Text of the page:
Past Masters


Gradually, as the Depression eased, customers began to come in again, and after World War II the business became profitable once more. Israel remained active for a number of years, but in the 1930s the second generation had begun to assert itself, and things were different. As the American antique-furniture field entered its maturity, so did Israel Sack, Inc.

In January 1983, on a Saturday afternoon, Harold Sack went shopping at Sotheby Park Bernet. He paid $687,500 (including buyer’s commission) for a Goddard-Townsend blockfront kneehole desk with shell carvings and an impeccable lineage. This surpassed by more than a quarter of a million dollars the previous record for a piece of American furniture—which Harold had also set, back in 1980—of $390,000. At the auction he also bought a hairy-paw Philadelphia card table for $242,000. In all, his purchases that day set him back over $1.1 million. Some months later Harold sold the kneehole desk to a young collector in his thirties for “quite a bit over what we paid for it.” The price is rumored to have been more than one million dollars.

These figures provide a stunning contrast to the days just two generations earlier when American pieces were barely considered worth the wood they were made of. Beyond that they reflect the huge demand for such pieces that has grown up in recent years. Not only are there more buyers, but they are more affluent. Furthermore, the installation in the 1960s of American antiques in the State Department’s diplomatic rooms and in the White House put yet another stamp of acceptability on Americana and heightened interest in the field. After World War II banks began lending more to dealers, making more capital available to the business. And during the inflationary 1970s, people turned to antiques as good investments.

At the same time, the volume of antiques on the market has shrunk as museums have built up collections, and this, too, has forced prices up. The emergence of auction houses as retail outlets also has elevated prices, since dealers, who traditionally have bought at auction, are now forced to compete with private collectors, who can bid fair market value without having to worry about turning a profit on their purchases.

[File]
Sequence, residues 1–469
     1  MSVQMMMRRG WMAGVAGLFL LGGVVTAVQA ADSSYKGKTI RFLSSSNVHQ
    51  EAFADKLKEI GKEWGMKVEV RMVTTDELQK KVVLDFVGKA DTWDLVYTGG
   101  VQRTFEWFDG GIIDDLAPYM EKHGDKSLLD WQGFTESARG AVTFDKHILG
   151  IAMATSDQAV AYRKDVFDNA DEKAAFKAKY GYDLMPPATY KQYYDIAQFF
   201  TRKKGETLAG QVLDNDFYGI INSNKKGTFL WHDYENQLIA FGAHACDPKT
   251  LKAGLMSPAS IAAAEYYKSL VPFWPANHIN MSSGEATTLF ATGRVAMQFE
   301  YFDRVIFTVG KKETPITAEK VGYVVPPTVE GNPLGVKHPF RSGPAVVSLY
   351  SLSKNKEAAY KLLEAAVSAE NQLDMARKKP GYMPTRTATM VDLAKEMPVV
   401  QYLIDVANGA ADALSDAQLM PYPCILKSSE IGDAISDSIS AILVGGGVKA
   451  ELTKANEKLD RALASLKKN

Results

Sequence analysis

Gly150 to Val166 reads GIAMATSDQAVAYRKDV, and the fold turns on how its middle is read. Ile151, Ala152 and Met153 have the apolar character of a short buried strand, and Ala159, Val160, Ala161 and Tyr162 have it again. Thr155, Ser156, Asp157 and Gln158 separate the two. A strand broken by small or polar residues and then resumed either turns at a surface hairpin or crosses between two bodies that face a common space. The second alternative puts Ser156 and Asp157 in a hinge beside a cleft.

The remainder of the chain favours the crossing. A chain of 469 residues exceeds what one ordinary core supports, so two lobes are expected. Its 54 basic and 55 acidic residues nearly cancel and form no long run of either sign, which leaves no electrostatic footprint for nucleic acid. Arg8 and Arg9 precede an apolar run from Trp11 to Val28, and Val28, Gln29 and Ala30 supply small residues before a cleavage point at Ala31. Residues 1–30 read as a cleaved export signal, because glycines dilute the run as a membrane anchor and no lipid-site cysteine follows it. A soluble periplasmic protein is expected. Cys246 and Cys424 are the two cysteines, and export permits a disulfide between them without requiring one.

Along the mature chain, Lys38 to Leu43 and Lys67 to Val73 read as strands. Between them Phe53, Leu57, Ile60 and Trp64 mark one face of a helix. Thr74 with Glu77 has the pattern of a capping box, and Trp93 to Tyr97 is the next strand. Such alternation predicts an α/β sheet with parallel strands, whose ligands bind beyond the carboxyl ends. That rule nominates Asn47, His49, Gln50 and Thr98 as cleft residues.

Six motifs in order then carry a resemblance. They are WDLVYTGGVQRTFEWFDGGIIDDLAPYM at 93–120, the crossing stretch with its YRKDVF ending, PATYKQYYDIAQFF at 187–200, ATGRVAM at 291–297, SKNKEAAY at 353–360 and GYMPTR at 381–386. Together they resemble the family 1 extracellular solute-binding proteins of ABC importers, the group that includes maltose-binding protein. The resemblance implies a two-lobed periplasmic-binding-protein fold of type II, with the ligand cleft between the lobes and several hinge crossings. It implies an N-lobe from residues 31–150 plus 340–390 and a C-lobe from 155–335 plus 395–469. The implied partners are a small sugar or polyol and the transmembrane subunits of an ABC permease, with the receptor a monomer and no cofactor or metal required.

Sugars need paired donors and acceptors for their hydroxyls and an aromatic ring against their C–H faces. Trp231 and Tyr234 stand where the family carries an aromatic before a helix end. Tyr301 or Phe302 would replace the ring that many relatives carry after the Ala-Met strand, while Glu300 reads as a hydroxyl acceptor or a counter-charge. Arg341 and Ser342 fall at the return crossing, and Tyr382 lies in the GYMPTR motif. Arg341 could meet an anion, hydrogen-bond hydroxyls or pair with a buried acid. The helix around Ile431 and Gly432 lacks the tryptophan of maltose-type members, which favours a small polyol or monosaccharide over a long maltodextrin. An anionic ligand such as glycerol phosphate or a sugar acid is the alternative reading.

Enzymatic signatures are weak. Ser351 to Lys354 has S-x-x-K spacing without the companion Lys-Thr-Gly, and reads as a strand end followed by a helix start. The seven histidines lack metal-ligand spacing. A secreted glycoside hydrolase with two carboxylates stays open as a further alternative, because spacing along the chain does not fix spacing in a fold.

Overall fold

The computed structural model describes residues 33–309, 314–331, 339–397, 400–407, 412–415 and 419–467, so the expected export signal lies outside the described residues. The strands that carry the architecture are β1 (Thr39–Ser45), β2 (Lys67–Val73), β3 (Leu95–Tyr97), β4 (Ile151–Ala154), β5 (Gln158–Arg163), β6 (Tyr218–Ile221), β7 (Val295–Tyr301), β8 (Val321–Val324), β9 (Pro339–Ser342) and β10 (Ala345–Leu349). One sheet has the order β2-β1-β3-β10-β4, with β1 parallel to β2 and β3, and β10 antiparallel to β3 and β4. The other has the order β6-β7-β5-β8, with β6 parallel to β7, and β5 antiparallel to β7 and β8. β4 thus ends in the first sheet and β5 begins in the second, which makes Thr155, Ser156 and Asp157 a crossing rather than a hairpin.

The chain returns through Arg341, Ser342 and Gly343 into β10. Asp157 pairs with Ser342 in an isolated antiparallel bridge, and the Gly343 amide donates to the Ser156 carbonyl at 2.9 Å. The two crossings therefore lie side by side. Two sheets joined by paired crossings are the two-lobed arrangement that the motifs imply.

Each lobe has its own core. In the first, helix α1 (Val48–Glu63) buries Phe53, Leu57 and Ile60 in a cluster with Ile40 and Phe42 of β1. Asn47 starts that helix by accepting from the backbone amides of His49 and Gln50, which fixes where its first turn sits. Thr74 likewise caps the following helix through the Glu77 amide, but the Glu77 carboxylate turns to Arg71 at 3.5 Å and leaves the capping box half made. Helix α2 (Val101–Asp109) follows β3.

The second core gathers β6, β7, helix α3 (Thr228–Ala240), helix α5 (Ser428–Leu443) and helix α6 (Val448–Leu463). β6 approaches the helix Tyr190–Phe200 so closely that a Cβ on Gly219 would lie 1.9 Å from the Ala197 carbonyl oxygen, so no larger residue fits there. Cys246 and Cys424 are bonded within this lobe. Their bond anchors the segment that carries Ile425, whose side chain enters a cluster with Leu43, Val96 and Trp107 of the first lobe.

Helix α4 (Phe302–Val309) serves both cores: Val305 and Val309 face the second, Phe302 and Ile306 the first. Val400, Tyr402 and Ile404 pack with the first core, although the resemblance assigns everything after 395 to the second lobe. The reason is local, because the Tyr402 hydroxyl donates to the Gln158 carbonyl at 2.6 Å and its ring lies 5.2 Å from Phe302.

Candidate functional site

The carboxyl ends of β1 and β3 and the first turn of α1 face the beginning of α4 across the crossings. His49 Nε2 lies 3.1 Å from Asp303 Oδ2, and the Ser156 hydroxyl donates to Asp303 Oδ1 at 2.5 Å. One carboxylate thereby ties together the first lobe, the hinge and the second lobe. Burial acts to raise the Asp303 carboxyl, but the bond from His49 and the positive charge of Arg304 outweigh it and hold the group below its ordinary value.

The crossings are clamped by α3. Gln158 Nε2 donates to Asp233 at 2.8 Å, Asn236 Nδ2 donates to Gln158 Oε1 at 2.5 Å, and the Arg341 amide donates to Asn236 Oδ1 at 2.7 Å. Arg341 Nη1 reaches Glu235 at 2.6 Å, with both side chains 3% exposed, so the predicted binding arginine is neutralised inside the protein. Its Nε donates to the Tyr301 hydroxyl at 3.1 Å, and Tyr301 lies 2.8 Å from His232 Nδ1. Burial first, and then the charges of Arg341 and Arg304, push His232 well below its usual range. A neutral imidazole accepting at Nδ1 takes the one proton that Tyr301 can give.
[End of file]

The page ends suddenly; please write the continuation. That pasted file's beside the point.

The new prices also reflect the serious scholarship that has been applied to the field in the last twenty years. Prior to the 1950s little study had been devoted to regional variations in styles, for instance, though the styles themselves had been closely detailed. These studies have been aided by the opening of curatorial schools, such as that at Winterthur. And scholarship has produced better-educated buyers bent on acquiring collections of singular quality. Today, says Albert Sack, “when a collector comes on the scene, he already has the literature and knows what he wants. He has a greater range of knowledge, whereas before it was just the guidance of the individual dealer.” These knowledgeable collectors all want masterpieces, and thus prices at the upper levels have soared.

So Harold’s trip to Sotheby’s illustrates what competition and connoisseurship have done to the American antiques business. These days a single mistake can prove financially ruinous, but Israel Sack, Inc., maintains its leadership. Just as the father’s perception and personality were ideally suited to the field in its early days, so are his sons’ skills well-suited to the field in its maturity.

“We’ve made a business out of it,” says Albert Sack succinctly. He and his brothers credit their father with having been a brilliant man but not a brilliant businessman; Harold, says Morrison Heckscher, “is an extremely astute businessman. He’s soft-spoken, very civil, and knowledgeable. He knows his business. He knows his market. He drives a hard bargain, he asks what the market will bear, but he is, I would say, realistic.”

Harold himself explains that “having suffered so tremendously from the bad operation in the Depression and the damage it did, I’ve probably been more conscious of the business area than another might be.… To me, while the product happens to be antiques, the principles of business are immutable. They don’t change.”

Where Israel was exuberant and gregarious, his sons are understated and private. “My father was a very powerful personality,” Harold says. “He loved good stories, and he loved people. He was a good guy, and while he may not have tended his proper store business, he was always willing to spend the night with some collector in Detroit, swapping stories. I’ll go to customers if I think I can knock off a sale; he would go there if he enjoyed being with them.”